SPE Library

The SPE Library contains thousands of papers, presentations, journal briefs and recorded webinars from the best minds in the Plastics Industry. Spanning almost two decades, this collection of published research and development work in polymer science and plastics technology is a wealth of knowledge and information for anyone involved in plastics.

The SPE Library is just one of the great benefits of being an SPE member! Are you taking advantage of all of your SPE Benefits?

Not an SPE member? Join today!

Use % to separate multiple keywords. 

Search SPE Library
Keyword/Author:
After Date: (mm/dd/yy)  
 
Sort By:   Date Added  ▲  |  Publication Date  ▲  |  Title  ▲  |  Author  ▲
= Members Only
Conference Proceedings
Improving Gel Compatibility of Polyolefinic Polymers for Loose Buffer Tubes in Fiber Optic Cables
K. Peter Pang, Geoffrey D. Brown, Scott H. Wasserman, May 2004
Loose buffer tube designs in fiber optic cables (FOC) generally include hydrocarbon oil based gels to fill the tubes for mechanical and moisture protection. Conventional olefinic polymers typically show reduced performance in compatibility testing due to a high level of hydrocarbon oil permeability. In particular, impact-modified polypropylene (IMPP) requires specially formulated and, therefore, more expensive gels to retain modulus and tensile properties after oil exposure. Described herein is the gel compatibility performance of a developmental product made with INSPIRE* Performance Polymers that provide a substantially improved balance of impact toughness, high modulus and gel compatibility for the optic buffer tube application versus the conventional polyolefin materials currently used. Also outlined are preliminary results of ongoing material studies targeting further improvement in gel compatibility performance.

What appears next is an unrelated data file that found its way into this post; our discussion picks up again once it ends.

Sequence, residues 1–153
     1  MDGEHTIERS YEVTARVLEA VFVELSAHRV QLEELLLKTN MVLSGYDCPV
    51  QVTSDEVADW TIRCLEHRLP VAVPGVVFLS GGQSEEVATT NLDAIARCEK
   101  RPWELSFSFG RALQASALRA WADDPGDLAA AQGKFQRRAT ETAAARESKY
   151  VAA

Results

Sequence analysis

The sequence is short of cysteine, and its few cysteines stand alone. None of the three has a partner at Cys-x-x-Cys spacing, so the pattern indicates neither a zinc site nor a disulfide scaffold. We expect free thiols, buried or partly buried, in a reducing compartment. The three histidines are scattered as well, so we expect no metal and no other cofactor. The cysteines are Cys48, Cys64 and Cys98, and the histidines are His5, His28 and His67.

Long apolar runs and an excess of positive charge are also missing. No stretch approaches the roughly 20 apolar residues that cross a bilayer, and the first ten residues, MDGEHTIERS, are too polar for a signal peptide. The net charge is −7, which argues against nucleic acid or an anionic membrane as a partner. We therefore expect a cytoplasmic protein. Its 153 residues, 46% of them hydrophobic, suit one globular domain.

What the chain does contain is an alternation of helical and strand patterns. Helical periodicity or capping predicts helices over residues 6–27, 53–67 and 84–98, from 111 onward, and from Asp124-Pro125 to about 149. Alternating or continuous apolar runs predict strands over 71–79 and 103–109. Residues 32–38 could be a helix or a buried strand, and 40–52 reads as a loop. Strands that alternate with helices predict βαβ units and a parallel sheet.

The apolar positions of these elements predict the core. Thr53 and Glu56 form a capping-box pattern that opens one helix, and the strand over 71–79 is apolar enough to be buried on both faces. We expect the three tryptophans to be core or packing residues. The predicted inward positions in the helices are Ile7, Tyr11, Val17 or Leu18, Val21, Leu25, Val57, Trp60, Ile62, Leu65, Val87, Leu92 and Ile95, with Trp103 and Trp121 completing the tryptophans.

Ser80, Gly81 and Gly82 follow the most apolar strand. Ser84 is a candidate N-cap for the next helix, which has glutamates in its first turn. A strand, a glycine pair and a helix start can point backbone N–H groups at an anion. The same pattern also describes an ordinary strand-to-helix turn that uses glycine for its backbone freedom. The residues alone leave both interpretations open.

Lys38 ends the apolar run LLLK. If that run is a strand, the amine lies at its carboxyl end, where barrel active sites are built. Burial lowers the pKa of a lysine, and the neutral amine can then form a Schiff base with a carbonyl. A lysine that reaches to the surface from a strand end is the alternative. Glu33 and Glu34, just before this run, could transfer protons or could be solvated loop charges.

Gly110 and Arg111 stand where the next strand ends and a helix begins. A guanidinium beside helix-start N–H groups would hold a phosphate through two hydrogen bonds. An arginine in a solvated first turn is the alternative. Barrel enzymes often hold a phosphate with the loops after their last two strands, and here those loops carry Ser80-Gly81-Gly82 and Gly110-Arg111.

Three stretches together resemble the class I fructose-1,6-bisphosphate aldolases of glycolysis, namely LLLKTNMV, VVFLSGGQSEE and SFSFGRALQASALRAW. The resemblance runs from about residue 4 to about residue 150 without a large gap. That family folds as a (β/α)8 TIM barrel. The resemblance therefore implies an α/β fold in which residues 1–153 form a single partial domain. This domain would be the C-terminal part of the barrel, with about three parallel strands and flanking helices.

Investigation of Packaging Properties as a Function of Filler Microstructure
Yue Huang, David Bigio, Michael Pecht, May 2004
Fillers are used in the molding compounds to minimize the stress of electronic packaging by reducing the coefficient of thermal expansion (CTE) mismatch between the silicon die and the molding compounds.This study concentrates on the effect of filler particle spatial distribution. Quantitative measures of the particle distribution were experimental determined, including area fraction, size and interparticle distance (IPD). A 2×3×3 ANOVA test was also conducted to assess the statistical significance of these variations of measures. The difference of filler volume fraction at different positions within one chip can be as big as 10%, and cause a CTE difference of about 4 ppm/°C.